Antonio Herrera
Queretaro Automotive Cluster
View from the Top

Attracting Talent in an Increasingly Crowded Market

Tue, 09/01/2015 - 13:39

Q: What have been the cluster’s major achievements in attracting new automotive suppliers to the state?

A: While the Queretaro cluster is still really young, the association is generating momentum with automotive suppliers by collaborating with companies, academic institutions, and the government, to create a sense of unity between the suppliers. We also want to focus on service providers, since we normally do not detect them despite the impact they have on our organizations. The cluster’s creation was a big step forward for the automotive sector in Queretaro. Right now, we have 34 members among the 260 automotive companies in the state.

Q: What level of collaboration has the cluster had with the Queretaro state government?

A: The state is doing a very good job focusing on how it can bring more and better jobs, and the automotive sector has been able to deliver that. Many of our Tier 2 suppliers are SMEs that need better conditions to increase their competitiveness and take advantage of great opportunities in the automotive sector. Clusters are excellent partners for governments in terms of implementing economic development policies and we have developed programs with state funding to support quality certifications, training, and business opportunities for SMEs. We have confidence in this mechanism because the cluster proposes programs and activities aligned with the industry’s requirements.

Q: What strategies have you implemented regarding Queretaro’s human talent?

A: The first challenge from a human resources standpoint is to determine what we need from our university partners in terms of knowledge and focus. Another target is to promote engineering professions. We are developing a strategy with ITESM to get young generations interested in engineering fields, such as mechanical, metallurgical, and material engineering. There has been a continuous decrease in interest in these professions and now there is a lack of talent in the industry. Additionally, most universities offer a large career portfolio, without knowing how to promote their engineering division or how to attract the proper students for each career. We want to attract people from an earlier stage and show kids that working in the automotive industry can be fun, as is everything they could be doing with our companies. After all, we need to have more engineers in Queretaro, otherwise we are going to face major problems in the future.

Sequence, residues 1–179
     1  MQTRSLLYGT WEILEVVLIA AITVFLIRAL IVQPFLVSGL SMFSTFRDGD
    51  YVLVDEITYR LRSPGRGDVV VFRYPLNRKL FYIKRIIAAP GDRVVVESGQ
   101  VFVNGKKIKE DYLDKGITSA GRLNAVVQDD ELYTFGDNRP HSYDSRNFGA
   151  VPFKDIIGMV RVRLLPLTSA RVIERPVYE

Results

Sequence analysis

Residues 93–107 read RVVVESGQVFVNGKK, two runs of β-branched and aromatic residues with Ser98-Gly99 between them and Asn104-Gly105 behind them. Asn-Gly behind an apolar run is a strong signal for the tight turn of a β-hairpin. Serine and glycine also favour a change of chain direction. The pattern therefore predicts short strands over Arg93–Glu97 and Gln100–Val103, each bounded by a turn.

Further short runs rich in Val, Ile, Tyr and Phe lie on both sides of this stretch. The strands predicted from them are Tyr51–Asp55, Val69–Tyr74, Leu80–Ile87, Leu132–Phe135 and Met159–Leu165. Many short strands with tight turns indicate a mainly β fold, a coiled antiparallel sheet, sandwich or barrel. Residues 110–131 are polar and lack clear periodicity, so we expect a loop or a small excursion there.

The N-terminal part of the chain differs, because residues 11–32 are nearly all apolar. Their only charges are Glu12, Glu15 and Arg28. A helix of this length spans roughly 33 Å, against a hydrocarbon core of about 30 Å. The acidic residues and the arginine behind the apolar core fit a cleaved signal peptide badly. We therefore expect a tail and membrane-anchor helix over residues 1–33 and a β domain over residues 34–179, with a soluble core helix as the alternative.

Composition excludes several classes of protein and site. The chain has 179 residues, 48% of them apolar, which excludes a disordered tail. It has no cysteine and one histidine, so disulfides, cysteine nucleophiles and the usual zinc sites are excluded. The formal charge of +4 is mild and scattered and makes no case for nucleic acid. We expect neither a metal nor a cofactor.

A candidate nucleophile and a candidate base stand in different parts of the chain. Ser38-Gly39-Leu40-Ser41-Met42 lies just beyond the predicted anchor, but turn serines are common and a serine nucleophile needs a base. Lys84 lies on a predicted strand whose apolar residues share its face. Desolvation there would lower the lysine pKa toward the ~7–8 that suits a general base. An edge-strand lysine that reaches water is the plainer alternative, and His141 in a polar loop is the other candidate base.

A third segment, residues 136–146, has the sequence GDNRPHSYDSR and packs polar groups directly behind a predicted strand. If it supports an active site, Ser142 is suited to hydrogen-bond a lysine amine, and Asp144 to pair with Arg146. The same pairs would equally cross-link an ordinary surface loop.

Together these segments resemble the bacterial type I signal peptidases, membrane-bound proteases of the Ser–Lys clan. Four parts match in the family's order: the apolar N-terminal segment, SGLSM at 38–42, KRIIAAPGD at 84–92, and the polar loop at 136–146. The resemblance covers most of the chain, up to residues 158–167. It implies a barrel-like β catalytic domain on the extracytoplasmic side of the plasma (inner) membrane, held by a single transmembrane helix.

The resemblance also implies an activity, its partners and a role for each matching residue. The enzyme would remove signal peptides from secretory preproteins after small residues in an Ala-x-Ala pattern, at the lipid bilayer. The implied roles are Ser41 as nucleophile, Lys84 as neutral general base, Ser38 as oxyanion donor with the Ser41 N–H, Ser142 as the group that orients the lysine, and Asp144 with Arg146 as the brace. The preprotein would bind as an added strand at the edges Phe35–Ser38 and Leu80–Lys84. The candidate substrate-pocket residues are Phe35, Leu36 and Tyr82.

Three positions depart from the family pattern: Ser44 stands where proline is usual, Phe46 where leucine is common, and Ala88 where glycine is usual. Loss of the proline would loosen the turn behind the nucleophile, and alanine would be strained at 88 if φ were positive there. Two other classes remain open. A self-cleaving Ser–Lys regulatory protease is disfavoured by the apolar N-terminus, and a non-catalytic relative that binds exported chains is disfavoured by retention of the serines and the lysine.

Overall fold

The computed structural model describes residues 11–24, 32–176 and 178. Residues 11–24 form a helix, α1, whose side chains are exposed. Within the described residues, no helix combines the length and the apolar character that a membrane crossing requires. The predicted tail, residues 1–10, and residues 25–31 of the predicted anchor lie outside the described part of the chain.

Q: What strategies do you want to implement, looking at what other clusters at doing?

A: I am grateful to the clusters of Nuevo Leon and Guanajuato, as they have been really open with us. Both clusters have shared their experience and have given us tips on how to grow faster. Also, they have enlightened us about the challenges we might face in the initial stages. The clusters are driven by businessmen and we are all working toward the same goal. The collaboration is gaining great momentum, as everyone is realizing the benefits it generates. We already have five applications for new members and we have not even started the cluster’s promotion. This is exactly what the other clusters told us would happen. Previously we were talking about competition, but this is more about collaboration. Guanajuato has all the OEMs but it does not have all the suppliers, so it makes sense to help each other.

Q: How will your strategies to attract new suppliers boost Queretaro as an automotive production base?

A: We have to keep up with this regional view. We have many OEMs around us, but most companies in Queretaro still send their production to the US. There are companies that export 70-80% of their production, so we need to be open to what is happening in the region, obviously without neglecting the opportunities outside of Mexico. The world is getting smaller, and even medium-sized companies are exporting 50% of their production.

We are all working in the same industry and we are all facing the same problems, so we must work as a region to find the best solutions and share them with our fellow companies. Even though we only have 15% of the automotive companies in the state, everyone is really excited about getting things started and supporting each other. Nobody can do this alone, and that is why we need to strive for a community that focuses on social responsibility for the state.